Come October, new parking-protected bike lanes should be fully built on Lawrence and Arapahoe Streets, reports David Sachs for StreetsBlog Denver. The Denver Public Works Project (DPW) presented the design recently to the Mayor’s Bicycle Advisory Committee, Sachs writes.
The plan consists of slightly more than one mile of infrastructure that will run from Aurora Campus to 24th Street, Sachs writes. It will provide Denver bicyclists a safe way to cross Speer Boulevard, Park Avenue, and the especially challenging Broadway, he writes. Prior to this design, the Arapahoe and Speer intersection has had no bike infrastructure, Sachs writes.
Regarding Lawrence and Arapahoe Streets, Sachs writes:
Both streets are one-way. The typical section of the Lawrence Street bikeway will be parking-protected with a bike lane that varies between five feet and seven feet wide. The buffer between parked cars and the bike lane will include posts and a 2-foot or 4-foot painted buffer, depending on the section. While the overall design for these bikeways is pretty good, two feet isn’t enough to ensure car doors don’t clothesline passing bicyclists, according to NACTO best practices, which say three feet is the minimum. That extra foot could easily be claimed from the 11-foot travel lanes.
Most sections of the Arapahoe Street bikeway will be between 6 and 7 feet wide, Sachs writes. According to Denver’s Bicycle Program (DBP), unlike the city’s first protected bike lanes along 15th Street, which are on the left side of the street, the Arapahoe and Lawrence ones will be on the right side of the street. The design team has included ways to manage right-turning vehicles and through bicycle movements, and the use of bicycle-specific traffic signals, DBP writes.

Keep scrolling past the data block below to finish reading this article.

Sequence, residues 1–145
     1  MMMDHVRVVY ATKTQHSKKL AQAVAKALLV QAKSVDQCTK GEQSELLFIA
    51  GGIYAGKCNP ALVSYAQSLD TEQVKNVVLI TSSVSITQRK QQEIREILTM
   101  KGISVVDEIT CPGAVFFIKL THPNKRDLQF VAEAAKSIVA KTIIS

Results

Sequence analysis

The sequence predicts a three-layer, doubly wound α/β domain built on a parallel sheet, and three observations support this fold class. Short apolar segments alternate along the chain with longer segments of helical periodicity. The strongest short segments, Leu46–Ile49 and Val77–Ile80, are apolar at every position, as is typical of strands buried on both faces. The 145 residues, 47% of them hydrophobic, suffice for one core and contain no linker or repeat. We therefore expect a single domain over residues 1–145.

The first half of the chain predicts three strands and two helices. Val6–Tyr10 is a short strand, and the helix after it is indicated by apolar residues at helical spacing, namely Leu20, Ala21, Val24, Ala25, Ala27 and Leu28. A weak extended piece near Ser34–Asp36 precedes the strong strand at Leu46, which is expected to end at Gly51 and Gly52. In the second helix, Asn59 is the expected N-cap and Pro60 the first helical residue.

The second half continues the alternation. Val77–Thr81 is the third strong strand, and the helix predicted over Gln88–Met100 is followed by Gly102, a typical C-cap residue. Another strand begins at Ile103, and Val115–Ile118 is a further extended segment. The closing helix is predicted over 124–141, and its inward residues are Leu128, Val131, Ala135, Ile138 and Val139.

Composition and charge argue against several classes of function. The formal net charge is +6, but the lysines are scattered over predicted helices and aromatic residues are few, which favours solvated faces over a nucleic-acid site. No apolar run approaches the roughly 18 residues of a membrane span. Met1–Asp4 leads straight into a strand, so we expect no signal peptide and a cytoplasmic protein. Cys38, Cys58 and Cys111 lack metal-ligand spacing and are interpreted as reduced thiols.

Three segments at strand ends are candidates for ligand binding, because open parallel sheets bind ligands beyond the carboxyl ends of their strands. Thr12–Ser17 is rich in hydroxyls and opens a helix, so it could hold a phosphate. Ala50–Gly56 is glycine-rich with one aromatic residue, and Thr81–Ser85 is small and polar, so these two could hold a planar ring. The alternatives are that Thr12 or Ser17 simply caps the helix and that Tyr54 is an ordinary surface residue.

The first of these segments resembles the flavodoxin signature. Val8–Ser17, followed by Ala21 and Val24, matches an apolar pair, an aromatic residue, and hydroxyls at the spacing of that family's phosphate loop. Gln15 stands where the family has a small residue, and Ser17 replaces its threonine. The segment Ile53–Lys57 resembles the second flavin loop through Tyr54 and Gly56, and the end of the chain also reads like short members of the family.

Denver City Auditor Dennis Gallagher had criticized the city for not allocating enough money for a comprehensive bike network, Sachs wrote last month for StreetsBlog Denver. Denver’s capital improvement fund, the main source of money for Denver Moves (a 2011 plan to have top-notch bike facilities within a quarter-mile of every household), only allocated $2.8 million of the $119 million such a plan would require, Sachs wrote. Because of inadequate funding, the DPW has installed inexpensive and inadequate remedies such as shadows instead of high-quality, modern infrastructure, Sachs wrote. He compared Denver’s allocations with those of Seattle, which recently pledged $35.5 million for a six-year bicycle master plan. For 2015, DPW has $47 million, of which only $400,000 went to Denver Moves.
In his recent article, Sachs writes that DPW might change the Lawrence and Arapahoe bikeways design after assessing its effectiveness over a year. The project was a challenge to design because of such obstacles as huge intersections, loading zones, and other “snags,” he writes. “Still, the arrival of Denver’s first parking-protected lanes is great to see, and the intersection treatments exemplify how creating a conduit for people on streets designed for cars is challenging, but doable,” he writes.